Eyes on the Street: Scott Street Bike Box Reappears

bike box-1_1.jpgA freshly painted bike box on Scott Street. Photo by Bryan Goebel.

One day after we asked when the bike box on Scott Street at Oak would reappear, lo and behold, it’s back. It was apparently repainted sometime this morning. Tipster and Streetsblog commenter MichaelSF points out it appears longer. It’s almost a full bike box but it’s still not connected to the bike lane, like most bike boxes in other cities such Portland and New York.

MTA spokesperson Judson True says the agency plans to experiment with colored bike boxes "in the next few years."

See the before picture below the break.

811797009_dd6baaf55f.jpgBefore. Flickr photo: Jim Dyer
bike_box_5.jpgHow it looked just two days ago after a recent repaving. Photo by Bryan Goebel.

  • I don’t know, that’s a nice bright advance stop line and sharrow, but no instructions for users, and no designation that the bike box space is special. I could never get very angry at motorists for sitting in the box before, how would they know what they were supposed to do? You’re supposed to drive over sharrows everywhere else in the city, and few ordinary citizens “read” the advance stop line, it’s only geeks like us that understand the concept without further instruction, like “STOP HERE” on the pavement). Again, get a load of Portland’s much fuller public education effort, PSAs, billboards, brochures, and signage at the bike boxes themselves:

    http://bikeportland.org/2008/02/12/pdot-unveils-bike-box-marketing-slogan-graphics/

    At the risk of hurt feelings at SFMTA, I’ve got to grade this as a 1/2 bike box, keep working on it, team (and we’ll talk about the 3/4-complete Shrader valve later) . . .

  • Christopher

    While it isn’t really clear what the bike box is even supposed to be, I think the location is actually alright. It’s a nice spot to be if you’re planning on turning left at the next intersection.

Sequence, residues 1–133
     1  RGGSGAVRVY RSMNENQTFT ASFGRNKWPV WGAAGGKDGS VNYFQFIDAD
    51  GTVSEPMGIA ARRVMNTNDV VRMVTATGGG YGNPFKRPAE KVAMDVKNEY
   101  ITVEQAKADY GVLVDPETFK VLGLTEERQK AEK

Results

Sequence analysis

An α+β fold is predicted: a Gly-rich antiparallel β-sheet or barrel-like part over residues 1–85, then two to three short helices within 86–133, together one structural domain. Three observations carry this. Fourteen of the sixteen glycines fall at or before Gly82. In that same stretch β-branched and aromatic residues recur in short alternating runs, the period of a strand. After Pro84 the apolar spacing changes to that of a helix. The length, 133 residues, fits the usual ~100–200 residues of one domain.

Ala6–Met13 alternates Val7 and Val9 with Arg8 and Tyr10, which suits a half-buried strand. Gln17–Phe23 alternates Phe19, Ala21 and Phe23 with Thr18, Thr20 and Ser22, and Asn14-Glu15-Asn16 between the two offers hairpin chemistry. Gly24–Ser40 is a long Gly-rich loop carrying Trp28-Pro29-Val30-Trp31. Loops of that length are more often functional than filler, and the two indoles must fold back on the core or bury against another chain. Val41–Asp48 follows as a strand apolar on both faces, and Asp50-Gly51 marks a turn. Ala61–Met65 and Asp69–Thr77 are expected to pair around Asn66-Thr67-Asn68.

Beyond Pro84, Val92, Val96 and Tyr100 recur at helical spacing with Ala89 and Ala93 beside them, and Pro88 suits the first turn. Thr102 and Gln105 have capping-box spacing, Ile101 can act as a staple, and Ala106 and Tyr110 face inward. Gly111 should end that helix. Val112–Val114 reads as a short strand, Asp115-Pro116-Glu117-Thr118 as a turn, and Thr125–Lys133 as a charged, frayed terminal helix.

• Nick

    Perhaps it was the Mystery Stenciler!

    As a side project, we should catalog all the faded, missing, or paved over pieces of the existing Bike Network.

    I saw a sharrow with missing wheels on Hugo Street just this morning. I’m sure there are hundreds of examples out there. Once we have a nice long list, we should present it to the MTA and see just how quickly we can get that done.

  • Yeah, I bike _every_ day, and hadn’t heard of bike boxes until today, and definitely didn’t know what it was supposed to be until reading the comments here.

  • I agree with Andy. Portland put up a bunch of billboards to help educate drivers what a bike box is. We should do that here! I ride 14th street all the time and never use the bike box there either. I just wait behind all the cars b/c its easier.

  • John Rogers

    On Saturday I spent some time documenting vehicles stopping in the bike box, which I will forward on to the SFMTA. Most drivers clearly have no idea what it is. In 15 minutes of observing, only a big Compass Transportation bus stopped behind the box. Every other car ignored the box entirely, except for the few times there were cyclists in the box and they had no choice. Given how often the box is occupied by automobiles, I guess I shouldn’t have been surprised at how few bike riders used the box, preferring to wait for the light in what is left of the bike lane at the curb. Particularly jaw-dropping were the two drivers who turned right from the bike box, around the pesky cyclists waiting at the crosswalk.

  • Dave Snyder

    A design detail that would help is the elimination of the last dashed stripe between the bike lane and the bike box.

  • g

    All this bike box needs is “Stop” below the big white line, then it is very well done, appropriate to current sf lexicon.

    And at that why? if there’s no cyclist maybe don’t stop?

    Fact is the bike in the road says bikes are there which is always good if you are on a bike.

    Those stencils are nice because you put them all over and just say bike, in a way its as if the less attempt at control the better. “bike only” as an example. It’s enough for the lane to just say bike.

    also cuts down on capacity fights, all you are saying it is bikes are there. in a way you lookl at scott and it as if the street is kind of slow,

    yeah bikes are on this street, yeah you got it. good job.

  • MTA spokesperson Judson True says the agency plans to experiment with colored bike boxes

    “in the next few years.” Five words say so much.